We have repeatedly made clear to the Israelis and the Palestinians, and the international community, that long-lasting peace can only be achieved — as Israeli leaders have argued from the beginning — by negotiations between the two parties themselves, period. Period. (Applause.) As the President said of the United Nations last month, There are no shortcuts to peace.
Ladies and Gentlemen, we know, as our Israeli friends know, and I think everyone knows, that the status quo between Israel and the Palestinians is not sustainable.
For the Palestinians, statehood will not just fulfill legitimate, long-sought aspiration common to all people’s, it will restore the fundamental dignities and self-respect that their current predicament denies them and their current actions keep them from achieving. For Israel, this is about both preserving its identity as a Jewish state, and achieving the lasting security that Israel deserves.
It is no secret that demographic realities make it increasingly difficult for Israel to remain both a Jewish homeland and a Democratic country, in the absence of a Palestinian state and an agreement.
Like many Americans, I’ve experienced the magic of Israel many, many times. But at a relatively young age, when I had just turned 30, I first visited on the eve of the Yom Kippur War. My very first meeting was with a woman I’ve always admired — had always admired — from afar, as millions of Americans did.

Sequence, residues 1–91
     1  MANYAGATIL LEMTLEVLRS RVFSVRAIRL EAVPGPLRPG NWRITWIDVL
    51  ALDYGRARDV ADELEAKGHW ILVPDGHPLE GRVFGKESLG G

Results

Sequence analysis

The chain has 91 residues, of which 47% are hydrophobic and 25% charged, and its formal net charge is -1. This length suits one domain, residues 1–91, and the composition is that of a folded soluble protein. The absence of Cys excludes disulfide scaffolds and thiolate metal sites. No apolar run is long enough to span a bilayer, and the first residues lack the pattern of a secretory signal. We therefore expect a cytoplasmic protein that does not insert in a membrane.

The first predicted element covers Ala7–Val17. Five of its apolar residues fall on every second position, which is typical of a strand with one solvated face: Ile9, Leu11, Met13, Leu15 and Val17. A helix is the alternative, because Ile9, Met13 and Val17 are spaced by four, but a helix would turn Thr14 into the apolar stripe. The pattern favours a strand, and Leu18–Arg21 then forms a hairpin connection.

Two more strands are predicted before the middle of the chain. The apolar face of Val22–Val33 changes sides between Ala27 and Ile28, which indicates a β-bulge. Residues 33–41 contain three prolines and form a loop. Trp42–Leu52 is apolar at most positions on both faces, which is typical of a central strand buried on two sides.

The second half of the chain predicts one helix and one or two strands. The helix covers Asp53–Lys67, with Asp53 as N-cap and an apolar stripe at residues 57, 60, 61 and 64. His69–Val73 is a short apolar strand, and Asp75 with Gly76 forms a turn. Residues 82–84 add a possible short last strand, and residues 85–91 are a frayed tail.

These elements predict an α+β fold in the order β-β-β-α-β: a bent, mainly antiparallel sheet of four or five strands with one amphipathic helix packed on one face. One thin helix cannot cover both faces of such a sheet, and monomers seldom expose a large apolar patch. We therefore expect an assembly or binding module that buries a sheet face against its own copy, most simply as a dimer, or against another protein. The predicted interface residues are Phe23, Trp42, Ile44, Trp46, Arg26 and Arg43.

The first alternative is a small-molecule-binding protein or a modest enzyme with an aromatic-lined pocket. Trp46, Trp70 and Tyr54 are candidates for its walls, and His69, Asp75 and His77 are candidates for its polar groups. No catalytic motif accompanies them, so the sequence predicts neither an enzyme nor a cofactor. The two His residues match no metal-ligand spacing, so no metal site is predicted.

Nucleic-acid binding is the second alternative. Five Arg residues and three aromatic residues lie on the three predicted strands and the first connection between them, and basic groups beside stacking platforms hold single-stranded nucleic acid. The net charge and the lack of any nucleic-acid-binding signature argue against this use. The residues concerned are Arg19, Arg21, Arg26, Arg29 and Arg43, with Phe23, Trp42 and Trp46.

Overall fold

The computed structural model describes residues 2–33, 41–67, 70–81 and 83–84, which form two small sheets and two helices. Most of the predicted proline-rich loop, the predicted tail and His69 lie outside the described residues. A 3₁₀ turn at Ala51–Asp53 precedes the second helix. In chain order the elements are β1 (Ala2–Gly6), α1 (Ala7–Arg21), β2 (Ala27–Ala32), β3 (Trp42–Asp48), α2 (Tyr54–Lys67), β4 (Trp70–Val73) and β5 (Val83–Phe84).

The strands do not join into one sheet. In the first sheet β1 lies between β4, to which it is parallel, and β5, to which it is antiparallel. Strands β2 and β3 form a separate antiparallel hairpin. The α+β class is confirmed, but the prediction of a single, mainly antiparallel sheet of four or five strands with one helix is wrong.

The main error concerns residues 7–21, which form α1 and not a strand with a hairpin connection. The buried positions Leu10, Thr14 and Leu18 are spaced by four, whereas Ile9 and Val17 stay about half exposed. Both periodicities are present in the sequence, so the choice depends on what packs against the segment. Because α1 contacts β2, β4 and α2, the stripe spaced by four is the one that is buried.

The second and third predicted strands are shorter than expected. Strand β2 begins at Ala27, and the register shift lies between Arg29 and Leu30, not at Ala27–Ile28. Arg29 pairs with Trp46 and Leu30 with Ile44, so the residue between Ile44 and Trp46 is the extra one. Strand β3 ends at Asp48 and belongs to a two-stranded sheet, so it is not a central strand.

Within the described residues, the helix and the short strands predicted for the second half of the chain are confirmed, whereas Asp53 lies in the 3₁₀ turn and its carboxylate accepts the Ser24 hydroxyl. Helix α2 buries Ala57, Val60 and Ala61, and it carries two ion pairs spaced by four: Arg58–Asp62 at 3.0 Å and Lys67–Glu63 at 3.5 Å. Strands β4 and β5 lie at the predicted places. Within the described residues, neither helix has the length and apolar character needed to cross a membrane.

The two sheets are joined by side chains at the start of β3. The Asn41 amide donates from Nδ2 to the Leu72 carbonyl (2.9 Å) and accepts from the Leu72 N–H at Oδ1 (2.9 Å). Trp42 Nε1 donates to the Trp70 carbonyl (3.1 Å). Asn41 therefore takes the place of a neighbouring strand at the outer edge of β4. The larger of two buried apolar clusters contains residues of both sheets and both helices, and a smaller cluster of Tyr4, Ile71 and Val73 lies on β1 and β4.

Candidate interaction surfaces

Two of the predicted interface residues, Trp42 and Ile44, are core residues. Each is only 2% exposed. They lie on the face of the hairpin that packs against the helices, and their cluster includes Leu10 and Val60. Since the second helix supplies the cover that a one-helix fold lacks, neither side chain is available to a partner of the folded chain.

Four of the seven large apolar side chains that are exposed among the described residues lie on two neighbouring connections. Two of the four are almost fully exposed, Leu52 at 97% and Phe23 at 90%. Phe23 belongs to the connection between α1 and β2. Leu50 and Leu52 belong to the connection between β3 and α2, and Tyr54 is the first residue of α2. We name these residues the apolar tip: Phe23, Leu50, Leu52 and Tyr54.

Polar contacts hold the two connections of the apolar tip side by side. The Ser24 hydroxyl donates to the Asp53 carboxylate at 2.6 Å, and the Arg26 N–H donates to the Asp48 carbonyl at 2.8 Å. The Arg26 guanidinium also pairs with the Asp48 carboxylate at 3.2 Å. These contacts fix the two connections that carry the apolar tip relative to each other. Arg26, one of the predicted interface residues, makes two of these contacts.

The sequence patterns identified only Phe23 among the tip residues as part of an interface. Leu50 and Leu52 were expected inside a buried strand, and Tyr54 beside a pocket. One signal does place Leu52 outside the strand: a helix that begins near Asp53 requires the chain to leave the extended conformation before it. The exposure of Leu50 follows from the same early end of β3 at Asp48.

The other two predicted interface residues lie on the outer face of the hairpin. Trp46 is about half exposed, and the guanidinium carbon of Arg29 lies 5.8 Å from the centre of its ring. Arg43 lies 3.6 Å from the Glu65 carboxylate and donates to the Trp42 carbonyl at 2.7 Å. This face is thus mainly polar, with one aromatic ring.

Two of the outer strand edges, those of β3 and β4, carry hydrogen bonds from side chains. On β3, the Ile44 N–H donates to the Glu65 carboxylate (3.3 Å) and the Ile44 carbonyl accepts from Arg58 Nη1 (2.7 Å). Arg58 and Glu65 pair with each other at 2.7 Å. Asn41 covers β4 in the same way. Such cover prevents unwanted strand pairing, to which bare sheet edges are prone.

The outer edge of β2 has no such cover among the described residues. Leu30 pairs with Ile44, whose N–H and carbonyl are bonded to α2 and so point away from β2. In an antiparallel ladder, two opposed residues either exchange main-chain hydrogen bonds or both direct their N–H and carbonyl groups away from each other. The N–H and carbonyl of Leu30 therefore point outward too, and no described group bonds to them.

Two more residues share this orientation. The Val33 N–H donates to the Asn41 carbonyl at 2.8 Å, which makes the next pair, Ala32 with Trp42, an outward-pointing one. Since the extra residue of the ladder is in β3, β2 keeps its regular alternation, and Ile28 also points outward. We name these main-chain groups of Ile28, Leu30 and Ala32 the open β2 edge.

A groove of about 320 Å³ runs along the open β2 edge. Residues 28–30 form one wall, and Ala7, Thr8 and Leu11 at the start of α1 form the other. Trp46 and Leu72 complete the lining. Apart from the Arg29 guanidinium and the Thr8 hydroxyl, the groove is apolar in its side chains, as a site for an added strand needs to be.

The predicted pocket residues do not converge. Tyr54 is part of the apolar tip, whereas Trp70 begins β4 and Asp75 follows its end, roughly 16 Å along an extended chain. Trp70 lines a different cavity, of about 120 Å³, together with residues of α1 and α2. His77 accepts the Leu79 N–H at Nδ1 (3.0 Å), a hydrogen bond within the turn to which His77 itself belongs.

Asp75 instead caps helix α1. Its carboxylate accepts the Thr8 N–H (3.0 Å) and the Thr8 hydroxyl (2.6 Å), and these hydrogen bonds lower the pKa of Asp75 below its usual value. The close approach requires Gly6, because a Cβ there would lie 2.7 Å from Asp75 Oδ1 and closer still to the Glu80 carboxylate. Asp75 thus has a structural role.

I remember being ushered into her office where she sat me down in front of her desk, and she had behind her a series of maps that she kept pulling back, up and down, while she chain-smoked. She, Golda Meir, explained to me what had happened in the Six-Day War. She read to me the most woe-some tales and letters from young men, young Israeli soldiers, and women who had been killed on the front.
There was a young man sitting next to me named Yitzhak Rabin, who I met for the first time. As the Prime Minister spoke, I think she could see my sense of apprehension as I thought of the daunting threats that faced Israel at the time.
About an hour and a half into our meeting, she suddenly looked at me and she said, Senator, would you like a photo — would you like a photo opportunity? I thought, What in the heck did that come from? (Laughter.) I said, Of course I would, Madame Prime Minister. Many of you have been in her office, the same office. We got up, they opened the double doors and walked out into that hallway, and there are all kinds of press there.
And as we’re standing next to one being photographed like it was a press conference — not speaking, just being photographed — she looked straight ahead, and talked to me while I was looking straight ahead. And she said, Senator, you look worried. And I said, Well, I am — I looked at her and I said, I am, Madame Prime Minister, after what she had just told me. She said, Don’t worry, Senator. We Israelis have a secret weapon in our conflict with the Arabs. We have nowhere else to go. We have nowhere else to go.
With the United States, past Presidents and this President know, that Israel has nowhere else to go. That’s why we have done more than any administration on the security front with Israel because we know it has nowhere else to go. To make sure that Israel can stay exactly where she is — a Jewish state, secure and free. And that is why the bond between America and Israel is absolutely unshakeable.
So, ladies and gentlemen, as my dear grandfather used to say every time I walked out his door, he’d say, Joey, keep the faith. Ladies and gentlemen, keep the faith. I commit to you, as a supporter of Israel for 40 years, and the record to show it, that I can match against any man or woman who ever served in the United States Senate, I guarantee you we will stand with Israel because we know she has nowhere else to go. And we want her to stay right where she is. (Applause.)
God bless you all, and may God protect our troops. Thank you. (Applause.)